Six months into my tenure at the CAC, COVID hit and plans were a foregone notion. Personally, and professionally, most of the world was being thrown, head-first, into unknown waters. Soon after, my father’s health quickly deteriorated, and on Easter Sunday, April 12th, 6 days after my 49th birthday, my father died. He was gone, and I was across the country, alone, quarantined, and unable to be by his side, to grieve in the presence of my family, or be held by a friend. Space which I have always loved and devoured, for the first time, felt constrictive and suffocating.
A month later, George Floyd was murdered, at the hands of police officers, and as history will cement, racial unrest reached an undeniable pitch. The daughter of a recently deceased black police officer, my emotions spanned the diverse global landscape of the moment. It all felt so familiar, and yet the newness I experienced was through the wide collective eyes of a socially conscious CAC, and of a Nation — all staring back at me. It was no longer a peripheral, at-a glance injustice, rather a central heartbeat with reverberations, far, wide, and deep. I recall my father’s stories of his early years as a cop. A time when it was not uncommon to call a black man the N-word and a police officer, pig. He loved being a police officer; he loved being a black man. What did I love? How do I want to presence and impact in this moment in time?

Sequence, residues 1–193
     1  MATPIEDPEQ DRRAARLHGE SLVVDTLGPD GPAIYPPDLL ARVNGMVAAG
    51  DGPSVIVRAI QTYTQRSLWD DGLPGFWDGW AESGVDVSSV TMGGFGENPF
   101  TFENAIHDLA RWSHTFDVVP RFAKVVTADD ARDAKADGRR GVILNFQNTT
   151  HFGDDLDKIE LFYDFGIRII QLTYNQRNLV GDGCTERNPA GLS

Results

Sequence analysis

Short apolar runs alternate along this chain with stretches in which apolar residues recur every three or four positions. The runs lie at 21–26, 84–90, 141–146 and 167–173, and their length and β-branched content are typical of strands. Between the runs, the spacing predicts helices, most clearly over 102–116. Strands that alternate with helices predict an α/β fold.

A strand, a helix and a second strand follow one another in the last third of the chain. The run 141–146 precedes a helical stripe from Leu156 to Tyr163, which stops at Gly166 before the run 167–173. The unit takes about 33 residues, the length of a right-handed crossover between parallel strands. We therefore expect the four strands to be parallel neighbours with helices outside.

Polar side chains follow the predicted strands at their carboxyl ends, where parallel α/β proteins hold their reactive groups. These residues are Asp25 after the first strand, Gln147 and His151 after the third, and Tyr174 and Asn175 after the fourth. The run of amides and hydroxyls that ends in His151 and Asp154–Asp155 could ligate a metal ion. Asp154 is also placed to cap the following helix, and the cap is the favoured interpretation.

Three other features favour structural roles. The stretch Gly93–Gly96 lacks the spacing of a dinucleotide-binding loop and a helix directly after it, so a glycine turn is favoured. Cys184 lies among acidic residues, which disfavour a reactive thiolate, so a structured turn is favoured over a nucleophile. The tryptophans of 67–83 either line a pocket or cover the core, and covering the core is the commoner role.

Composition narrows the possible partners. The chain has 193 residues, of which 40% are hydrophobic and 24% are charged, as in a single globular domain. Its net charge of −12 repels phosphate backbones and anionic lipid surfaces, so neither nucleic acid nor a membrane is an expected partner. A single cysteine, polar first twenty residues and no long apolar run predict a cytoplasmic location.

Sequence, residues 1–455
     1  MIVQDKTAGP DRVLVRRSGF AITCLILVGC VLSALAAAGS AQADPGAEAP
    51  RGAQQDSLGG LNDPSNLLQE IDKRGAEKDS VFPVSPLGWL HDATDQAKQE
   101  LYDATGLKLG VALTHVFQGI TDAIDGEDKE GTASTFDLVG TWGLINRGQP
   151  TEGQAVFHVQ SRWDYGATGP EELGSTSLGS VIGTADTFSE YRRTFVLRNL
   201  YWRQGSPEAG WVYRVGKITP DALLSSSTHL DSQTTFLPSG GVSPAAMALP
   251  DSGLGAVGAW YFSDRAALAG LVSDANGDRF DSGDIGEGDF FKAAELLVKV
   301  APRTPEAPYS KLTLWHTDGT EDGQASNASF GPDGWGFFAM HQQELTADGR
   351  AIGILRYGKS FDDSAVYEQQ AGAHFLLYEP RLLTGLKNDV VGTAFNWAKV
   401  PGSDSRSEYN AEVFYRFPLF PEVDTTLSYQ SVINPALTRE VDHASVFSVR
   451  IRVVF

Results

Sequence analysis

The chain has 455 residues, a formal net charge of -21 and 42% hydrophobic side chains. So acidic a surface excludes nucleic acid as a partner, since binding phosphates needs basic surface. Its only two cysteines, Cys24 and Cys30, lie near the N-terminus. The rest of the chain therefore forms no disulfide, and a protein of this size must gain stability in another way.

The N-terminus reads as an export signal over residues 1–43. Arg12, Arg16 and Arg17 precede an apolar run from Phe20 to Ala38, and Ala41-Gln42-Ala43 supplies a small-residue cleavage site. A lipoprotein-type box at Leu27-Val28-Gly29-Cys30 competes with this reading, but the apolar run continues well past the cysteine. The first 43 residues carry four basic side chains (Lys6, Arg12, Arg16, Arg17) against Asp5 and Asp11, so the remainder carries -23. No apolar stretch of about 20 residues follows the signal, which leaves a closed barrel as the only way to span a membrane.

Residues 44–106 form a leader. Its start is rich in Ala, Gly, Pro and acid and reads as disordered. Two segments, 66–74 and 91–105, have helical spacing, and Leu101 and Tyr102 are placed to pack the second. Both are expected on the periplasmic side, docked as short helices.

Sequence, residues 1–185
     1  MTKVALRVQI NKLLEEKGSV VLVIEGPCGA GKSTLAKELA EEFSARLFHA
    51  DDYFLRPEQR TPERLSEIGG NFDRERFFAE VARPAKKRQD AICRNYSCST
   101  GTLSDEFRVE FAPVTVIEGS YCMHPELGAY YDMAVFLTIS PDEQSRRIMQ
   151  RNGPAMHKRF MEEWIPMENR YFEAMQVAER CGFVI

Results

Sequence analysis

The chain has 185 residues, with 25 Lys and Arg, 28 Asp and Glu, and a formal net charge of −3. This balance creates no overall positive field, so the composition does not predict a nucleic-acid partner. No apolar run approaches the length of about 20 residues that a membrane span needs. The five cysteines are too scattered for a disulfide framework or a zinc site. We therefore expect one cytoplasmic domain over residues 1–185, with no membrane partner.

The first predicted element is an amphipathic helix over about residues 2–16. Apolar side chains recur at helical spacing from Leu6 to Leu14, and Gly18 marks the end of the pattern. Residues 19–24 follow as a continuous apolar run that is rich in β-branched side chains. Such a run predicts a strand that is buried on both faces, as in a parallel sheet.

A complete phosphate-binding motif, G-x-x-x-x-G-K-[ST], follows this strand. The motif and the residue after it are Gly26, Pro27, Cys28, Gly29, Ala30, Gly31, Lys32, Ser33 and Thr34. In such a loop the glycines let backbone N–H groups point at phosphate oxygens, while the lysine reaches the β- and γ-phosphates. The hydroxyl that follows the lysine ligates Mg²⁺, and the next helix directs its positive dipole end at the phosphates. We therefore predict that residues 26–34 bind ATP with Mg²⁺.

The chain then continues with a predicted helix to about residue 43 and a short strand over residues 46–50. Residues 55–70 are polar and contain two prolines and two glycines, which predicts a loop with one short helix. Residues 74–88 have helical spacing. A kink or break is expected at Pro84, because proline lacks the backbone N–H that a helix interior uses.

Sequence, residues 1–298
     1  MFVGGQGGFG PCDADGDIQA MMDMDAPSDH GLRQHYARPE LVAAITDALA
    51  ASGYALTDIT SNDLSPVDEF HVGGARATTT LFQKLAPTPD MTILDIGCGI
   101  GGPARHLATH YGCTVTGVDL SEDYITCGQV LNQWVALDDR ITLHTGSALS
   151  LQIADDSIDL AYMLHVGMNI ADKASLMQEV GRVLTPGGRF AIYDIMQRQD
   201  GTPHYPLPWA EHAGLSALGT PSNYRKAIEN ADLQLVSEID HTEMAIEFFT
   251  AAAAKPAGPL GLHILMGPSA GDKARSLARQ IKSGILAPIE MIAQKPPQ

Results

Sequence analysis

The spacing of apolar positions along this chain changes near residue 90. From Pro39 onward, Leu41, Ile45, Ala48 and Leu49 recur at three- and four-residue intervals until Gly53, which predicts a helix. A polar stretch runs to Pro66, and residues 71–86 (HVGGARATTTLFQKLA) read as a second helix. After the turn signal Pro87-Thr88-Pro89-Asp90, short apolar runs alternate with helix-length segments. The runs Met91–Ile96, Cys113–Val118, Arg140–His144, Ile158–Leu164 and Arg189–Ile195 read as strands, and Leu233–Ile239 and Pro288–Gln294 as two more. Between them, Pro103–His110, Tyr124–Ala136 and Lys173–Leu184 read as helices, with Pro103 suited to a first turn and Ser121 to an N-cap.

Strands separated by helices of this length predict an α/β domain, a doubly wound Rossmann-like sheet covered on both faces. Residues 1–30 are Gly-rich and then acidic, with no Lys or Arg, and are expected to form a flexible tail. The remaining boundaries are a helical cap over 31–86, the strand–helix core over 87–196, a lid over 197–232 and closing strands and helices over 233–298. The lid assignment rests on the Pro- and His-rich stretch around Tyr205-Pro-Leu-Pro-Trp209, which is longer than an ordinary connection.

When I joined the CAC, there were the obvious life changes I knew would occur, understanding the inevitable adjustments and discomforts that would naturally follow. The true call to adventure, however, was the direct confrontation with significant external events, coupled with the unique make up of the CAC, a combination that would systematically attempt to crack me wide open. What I read in the job description on that cool dark night, was only part of the story. The real story would unfold through a series of events’ rigorous attempt to breakdown (through) the personal and social conditioning I nestled in and force me to tap into the muscle of possibility beyond what I believed to be my capability.
What does that look like? I don’t know yet, but what I do know is that there is no turning back. I have the rest of my life to discover, and that is truly the greatest gift this time of disorder has given me.
Managing Director, Production & Outreach
Center for Action and Contemplation
Tisha Ford is a dancer who supports the creation of pathways for personal transformation as Managing Director of Production and Outreach at the CAC. She has danced the lead in multiple ballets, led a diversity procurement initiative for the Super Bowl, overseen the Art of Dying Institute, and is a certified yoga instructor and life coach. This article originally appeared in The Mendicant.
The Center for Action and Contemplation, its Core Faculty, and Board of Directors invite you to accompany us on this journey of transformation as we do the challenging work of reclaiming our founder’s vision for action and contemplation in a time of global change and contemplative renewal.
Returning to the Center will be an opportunity to reflect together with our community on our discoveries and growing pains as an institution on the path of praxis and prayer, action and contemplation. You can expect regular updates on our progress in this work as well as institutional history, community stories, staff essays, videos, and even opportunities to contribute. You will find the latest posts on our website as well as social media and in the News from New Mexico, the CAC’s monthly newsletter. We welcome your feedback!